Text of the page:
In one example, control circuitry 321 is coupled to pixel array 305 to control operation of the plurality of photodiodes in pixel array 305, and may be included in the pixel transistor region (e.g., pixel transistor region 121). For example, control circuitry 321 may generate a shutter signal for controlling image acquisition. In one example, the shutter signal is a global shutter signal for simultaneously enabling all pixels within pixel array 305 to simultaneously capture their respective image data during a single acquisition window. In another example, the shutter signal is a rolling shutter signal such that each row, column, or group of pixels is sequentially enabled during consecutive acquisition windows. In another example, image acquisition is synchronized with lighting effects such as a flash.

In one example, imaging system 300 may be included in a digital camera, cell phone, laptop computer, or the like. Additionally, imaging system 300 may be coupled to other pieces of hardware such as a processor, memory elements, output (USB port, wireless transmitter, HDMI port, etc.), lighting/flash, electrical input (keyboard, touch display, track pad, mouse, microphone, etc.), and/or display. Other pieces of hardware/software may deliver instructions to imaging system 300, extract image data from imaging system 300, or manipulate image data supplied by imaging system 300.

FIG. 4 depicts an example method 400 for forming the image sensor of FIGS. 1A and 1B. The order in which some or all of blocks appear in method 400 should not be deemed limiting. Rather, one of ordinary skill in the art having the benefit of the present disclosure will understand that some of method 400 may be executed in a variety of orders not illustrated, or even in parallel. Furthermore, method 400 may omit certain blocks in order to avoid obscuring certain aspects. Alternatively, method 400 may include additional blocks that may not be necessary in some embodiments/examples of the disclosure.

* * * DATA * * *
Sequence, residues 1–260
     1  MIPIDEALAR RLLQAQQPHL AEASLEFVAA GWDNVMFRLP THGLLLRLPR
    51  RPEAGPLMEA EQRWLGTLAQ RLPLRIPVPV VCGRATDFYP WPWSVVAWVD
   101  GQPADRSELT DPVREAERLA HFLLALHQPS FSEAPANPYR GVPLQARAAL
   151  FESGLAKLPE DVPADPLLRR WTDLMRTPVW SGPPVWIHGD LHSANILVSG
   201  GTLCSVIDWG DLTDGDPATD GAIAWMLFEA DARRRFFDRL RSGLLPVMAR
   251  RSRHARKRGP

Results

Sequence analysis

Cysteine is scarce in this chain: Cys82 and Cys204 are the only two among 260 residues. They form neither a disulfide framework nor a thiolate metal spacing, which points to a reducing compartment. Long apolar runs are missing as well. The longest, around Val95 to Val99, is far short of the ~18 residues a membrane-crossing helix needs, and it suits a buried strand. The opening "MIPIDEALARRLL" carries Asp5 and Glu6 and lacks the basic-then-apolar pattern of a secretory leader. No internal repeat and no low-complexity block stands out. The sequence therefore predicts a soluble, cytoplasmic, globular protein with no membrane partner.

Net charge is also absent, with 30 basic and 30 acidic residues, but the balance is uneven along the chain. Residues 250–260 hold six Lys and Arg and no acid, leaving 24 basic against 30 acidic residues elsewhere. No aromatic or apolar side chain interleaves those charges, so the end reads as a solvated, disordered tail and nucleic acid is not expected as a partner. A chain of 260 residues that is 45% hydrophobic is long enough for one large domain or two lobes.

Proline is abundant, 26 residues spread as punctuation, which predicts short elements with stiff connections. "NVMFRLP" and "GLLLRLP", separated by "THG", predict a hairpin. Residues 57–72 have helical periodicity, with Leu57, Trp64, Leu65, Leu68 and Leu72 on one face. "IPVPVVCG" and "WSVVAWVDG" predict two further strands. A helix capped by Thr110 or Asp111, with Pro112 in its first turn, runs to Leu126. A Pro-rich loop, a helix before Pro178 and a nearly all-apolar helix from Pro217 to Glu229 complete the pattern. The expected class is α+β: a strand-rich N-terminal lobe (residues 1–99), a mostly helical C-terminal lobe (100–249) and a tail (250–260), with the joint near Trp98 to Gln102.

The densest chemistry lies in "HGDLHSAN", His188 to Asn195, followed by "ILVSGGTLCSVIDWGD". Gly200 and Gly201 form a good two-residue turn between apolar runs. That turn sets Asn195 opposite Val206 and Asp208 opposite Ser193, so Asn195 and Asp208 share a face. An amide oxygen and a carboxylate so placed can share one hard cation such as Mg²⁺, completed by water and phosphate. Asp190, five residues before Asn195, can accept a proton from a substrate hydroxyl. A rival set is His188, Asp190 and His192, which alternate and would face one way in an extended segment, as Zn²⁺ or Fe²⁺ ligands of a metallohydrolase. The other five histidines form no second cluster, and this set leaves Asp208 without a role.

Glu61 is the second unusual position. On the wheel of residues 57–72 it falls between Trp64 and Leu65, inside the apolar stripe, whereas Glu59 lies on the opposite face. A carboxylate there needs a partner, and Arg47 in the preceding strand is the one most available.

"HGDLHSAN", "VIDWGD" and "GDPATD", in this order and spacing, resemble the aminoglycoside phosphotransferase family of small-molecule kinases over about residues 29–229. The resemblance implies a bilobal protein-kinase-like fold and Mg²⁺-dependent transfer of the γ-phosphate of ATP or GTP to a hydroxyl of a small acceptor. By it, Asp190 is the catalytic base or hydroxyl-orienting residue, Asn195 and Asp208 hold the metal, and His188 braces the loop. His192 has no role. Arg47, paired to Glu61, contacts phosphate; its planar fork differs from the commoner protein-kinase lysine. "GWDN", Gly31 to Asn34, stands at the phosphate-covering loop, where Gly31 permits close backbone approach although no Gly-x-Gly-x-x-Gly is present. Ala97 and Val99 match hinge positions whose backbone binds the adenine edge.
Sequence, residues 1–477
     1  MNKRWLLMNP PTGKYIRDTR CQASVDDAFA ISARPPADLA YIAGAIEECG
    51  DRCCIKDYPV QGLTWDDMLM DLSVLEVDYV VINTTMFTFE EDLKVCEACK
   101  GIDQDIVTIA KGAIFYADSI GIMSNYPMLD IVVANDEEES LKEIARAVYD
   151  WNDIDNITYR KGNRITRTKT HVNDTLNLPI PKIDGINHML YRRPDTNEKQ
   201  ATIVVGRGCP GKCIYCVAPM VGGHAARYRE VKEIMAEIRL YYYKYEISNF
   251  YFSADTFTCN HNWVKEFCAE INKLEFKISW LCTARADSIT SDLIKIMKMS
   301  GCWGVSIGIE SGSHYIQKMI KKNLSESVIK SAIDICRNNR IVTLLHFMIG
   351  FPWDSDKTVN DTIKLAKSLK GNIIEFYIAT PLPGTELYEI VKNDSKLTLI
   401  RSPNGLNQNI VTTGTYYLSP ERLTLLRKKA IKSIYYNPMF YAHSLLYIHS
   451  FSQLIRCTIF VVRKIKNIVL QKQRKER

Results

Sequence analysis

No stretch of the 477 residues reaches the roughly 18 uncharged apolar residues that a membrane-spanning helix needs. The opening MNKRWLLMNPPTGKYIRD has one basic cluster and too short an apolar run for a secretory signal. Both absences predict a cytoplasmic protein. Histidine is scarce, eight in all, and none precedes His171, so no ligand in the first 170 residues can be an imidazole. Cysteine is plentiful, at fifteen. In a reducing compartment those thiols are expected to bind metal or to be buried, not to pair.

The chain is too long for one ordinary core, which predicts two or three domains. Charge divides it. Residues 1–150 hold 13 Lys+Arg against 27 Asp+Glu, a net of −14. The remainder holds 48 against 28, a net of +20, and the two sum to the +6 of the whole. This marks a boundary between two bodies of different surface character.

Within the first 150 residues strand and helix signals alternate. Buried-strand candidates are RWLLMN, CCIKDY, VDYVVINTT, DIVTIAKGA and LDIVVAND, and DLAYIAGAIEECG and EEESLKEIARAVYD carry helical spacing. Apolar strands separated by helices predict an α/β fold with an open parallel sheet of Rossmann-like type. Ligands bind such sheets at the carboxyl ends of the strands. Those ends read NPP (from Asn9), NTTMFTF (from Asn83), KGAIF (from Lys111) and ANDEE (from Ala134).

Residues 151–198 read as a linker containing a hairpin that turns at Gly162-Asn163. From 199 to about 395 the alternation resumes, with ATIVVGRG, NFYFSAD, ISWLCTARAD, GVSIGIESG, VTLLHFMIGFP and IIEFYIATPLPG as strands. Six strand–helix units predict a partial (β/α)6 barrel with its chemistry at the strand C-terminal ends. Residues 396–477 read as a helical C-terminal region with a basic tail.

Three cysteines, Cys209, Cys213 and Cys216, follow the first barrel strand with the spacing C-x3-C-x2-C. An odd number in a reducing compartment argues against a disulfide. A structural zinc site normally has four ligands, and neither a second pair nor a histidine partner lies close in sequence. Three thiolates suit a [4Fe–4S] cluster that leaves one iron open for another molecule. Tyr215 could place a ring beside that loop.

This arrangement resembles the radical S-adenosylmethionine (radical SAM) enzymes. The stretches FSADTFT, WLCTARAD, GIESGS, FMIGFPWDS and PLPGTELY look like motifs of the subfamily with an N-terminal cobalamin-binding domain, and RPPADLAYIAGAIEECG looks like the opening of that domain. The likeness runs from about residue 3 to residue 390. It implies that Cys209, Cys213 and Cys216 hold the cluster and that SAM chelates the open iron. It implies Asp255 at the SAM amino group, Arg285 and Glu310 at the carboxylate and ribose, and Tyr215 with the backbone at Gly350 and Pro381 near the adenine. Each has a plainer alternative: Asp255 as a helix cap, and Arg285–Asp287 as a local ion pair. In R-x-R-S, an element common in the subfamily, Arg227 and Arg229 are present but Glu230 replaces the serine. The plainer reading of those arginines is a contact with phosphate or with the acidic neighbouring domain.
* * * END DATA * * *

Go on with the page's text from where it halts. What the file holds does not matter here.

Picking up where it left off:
It is worth noting that the example method 400 depicted in FIG. 4 starts mid-way through the image sensor fabrication process. At the beginning of example method 400, a plurality of photodiodes have been formed in the semiconductor material. A floating diffusion has been formed in the semiconductor material proximate to several photodiodes. A gate oxide has also been formed on top of the semiconductor material. The gate oxide may include silicon oxide or the like. Furthermore, transfer gates were fabricated on the gate oxide.

Process block 401 illustrates forming one or more contact etch stop layers on the surface of the device. In some examples, this may involve covering the entire surface of the semiconductor material/the gate oxide, and the surface of the transfer gates, and the floating diffusion. However, in another example, select pieces of device architecture may be covered while others are not. For example, the surface of transfer gates may be left exposed while the surface of the gate oxide may be covered, or vice versa. In one example, the etch stop layer may include silicon nitride.

Block 411 shows forming the interlayer dielectric on the surface of the semiconductor material. This may be accomplished by depositing an oxide material (such as silicon oxide or the like) on the surface of the semiconductor material.

Process blocks 421, 423, and 425 illustrate several mask/etch options to achieve electrical contacts of different sizes. In process block 421 only one mask step is used to create holes in the interlayer dielectric for the electrical contacts. In some examples, this may be advisable because reducing the number of process steps results in a more cost efficient fabrication line. Process block 423 shows using a two mask process for etching holes in the interlayer dielectric for electrical contacts. For example, holes for first electrical contacts could be patterned and etched, and then subsequently, larger holes for the second and third contacts could be patterned and etched. It should be noted that the patterning may be achieved with any suitable photoresist (positive or negative) and etching of holes may be achieved with any suitable etch process (wet or dry). Process block 425 depicts using three independent mask and etch steps to pattern holes for the first electrical contact, second electrical contact, and third electrical contact. This method may be preferred in situations where accuracy of etching is valued more than a reduction in process steps.